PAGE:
Reshoring doesn’t mean what some companies think it means.
Bringing manufacturing back to the U.S. is all the rage. There are many promising signs for electric vehicle (EV) evolution and infrastructure charging out of the country, but, according to The Reshoring Institute Executive Director Rosemary Coates, there’s more to it than what meets the eye.
“If you have a growth market in China, and you plan to sell your products there, you probably ought to be manufacturing there,” the author of The Reshoring Guidebook says. The strategy of where companies build is shifting.
Organizations also mistakenly view “supply chain” as generic and singular, instead of a complex orchestration of multiple supply chains.
Themes discussed in this episode:
- The supply chain isn’t just purchasing — it’s an umbrella term for multiple operational functions.
- Post-pandemic, risk is a fundamental component of supply chain strategy.
- Local for local means manufacturing close to market, with the local economy and the environment in mind.
- Boards are increasingly demanding that companies embrace environmental, social and governance (ESG).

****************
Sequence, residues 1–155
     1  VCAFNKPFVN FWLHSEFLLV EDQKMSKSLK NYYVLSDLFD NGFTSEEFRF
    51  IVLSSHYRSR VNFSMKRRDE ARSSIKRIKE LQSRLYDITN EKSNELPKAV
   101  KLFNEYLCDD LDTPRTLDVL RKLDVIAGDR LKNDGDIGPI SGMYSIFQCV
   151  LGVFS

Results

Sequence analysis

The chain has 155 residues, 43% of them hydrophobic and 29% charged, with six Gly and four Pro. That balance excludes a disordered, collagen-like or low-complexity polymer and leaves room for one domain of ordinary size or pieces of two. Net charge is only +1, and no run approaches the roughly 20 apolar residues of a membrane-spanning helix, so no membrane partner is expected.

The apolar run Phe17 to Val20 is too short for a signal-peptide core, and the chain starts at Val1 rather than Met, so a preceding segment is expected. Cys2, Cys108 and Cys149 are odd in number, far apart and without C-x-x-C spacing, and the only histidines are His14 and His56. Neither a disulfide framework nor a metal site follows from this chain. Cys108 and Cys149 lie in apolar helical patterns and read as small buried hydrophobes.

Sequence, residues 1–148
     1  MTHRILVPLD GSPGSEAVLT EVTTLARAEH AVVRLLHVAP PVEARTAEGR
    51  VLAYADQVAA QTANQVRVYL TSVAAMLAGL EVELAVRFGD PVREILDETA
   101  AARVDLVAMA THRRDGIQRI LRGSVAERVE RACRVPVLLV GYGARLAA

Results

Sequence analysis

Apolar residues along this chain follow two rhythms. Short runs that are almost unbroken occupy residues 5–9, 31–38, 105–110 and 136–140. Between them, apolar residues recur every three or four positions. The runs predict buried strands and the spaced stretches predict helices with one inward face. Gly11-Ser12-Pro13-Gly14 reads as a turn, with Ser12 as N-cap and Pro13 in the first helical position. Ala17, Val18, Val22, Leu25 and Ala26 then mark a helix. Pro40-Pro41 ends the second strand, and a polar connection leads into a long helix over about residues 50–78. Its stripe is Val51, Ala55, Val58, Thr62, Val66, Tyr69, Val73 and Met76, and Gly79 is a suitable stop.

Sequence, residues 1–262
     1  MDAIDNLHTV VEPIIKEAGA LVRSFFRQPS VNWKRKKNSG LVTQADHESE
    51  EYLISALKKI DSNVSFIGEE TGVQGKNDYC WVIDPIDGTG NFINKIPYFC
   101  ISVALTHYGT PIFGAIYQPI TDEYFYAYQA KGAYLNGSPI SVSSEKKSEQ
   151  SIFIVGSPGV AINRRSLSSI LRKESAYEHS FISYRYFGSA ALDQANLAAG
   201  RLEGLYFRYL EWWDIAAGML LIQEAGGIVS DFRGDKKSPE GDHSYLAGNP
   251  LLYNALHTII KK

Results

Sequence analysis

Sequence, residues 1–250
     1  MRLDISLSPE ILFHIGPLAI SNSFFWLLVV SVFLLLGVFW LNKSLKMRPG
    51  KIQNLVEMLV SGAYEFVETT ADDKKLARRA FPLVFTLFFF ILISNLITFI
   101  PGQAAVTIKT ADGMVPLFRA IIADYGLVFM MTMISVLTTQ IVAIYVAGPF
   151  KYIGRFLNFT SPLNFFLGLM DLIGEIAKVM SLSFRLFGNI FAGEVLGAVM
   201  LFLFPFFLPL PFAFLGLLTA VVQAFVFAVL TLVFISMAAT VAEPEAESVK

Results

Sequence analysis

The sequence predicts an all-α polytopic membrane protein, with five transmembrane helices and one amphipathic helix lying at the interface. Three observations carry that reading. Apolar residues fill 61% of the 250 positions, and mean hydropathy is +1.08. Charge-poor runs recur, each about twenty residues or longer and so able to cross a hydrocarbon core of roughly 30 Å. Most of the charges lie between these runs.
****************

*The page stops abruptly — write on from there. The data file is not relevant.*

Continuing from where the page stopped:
- Enterprise resource planning (ERP) needs to integrate data understandable by all users and systems in a supply chain.
- The most cutting-edge supply chains will drive decision-making with data.
At the heart of The Prophets’ vision are “The 24 Essential Supply Chain Processes.” What are they? Find out, and see the future yourself. Click here
Featured on this Episode
Name: Rosemary Coates
Title: Management consultant, author, board member, executive director and founder of The Reshoring Institute, expert witness at Blue Silk Consulting and host of the Frictionless Supply Chain podcast
About: As an automotive professional with many talents, Rosemary provides insight and expertise into supply chain management and the growing trend of reshoring.
Name: Cathy Fisher
Title: Founder and President, Quistem
About: Cathy’s firm helps its clients, particularly automotive manufacturers, eliminate customer complaints and increase their profits. She has worked in the automotive supply chain since the 1980s when she started her career with General Motors.
Name: Terry Onica
Title: Director, Automotive at QAD
About: For two decades, Terry has been the automotive vertical director of this provider of manufacturing Enterprise Resource Planning (ERP) software and supply chain solutions. Her career began in supply chain in the late 1980s when she led a team to implement Electronic Data Interchange (EDI) for all the Ford assembly and component plants.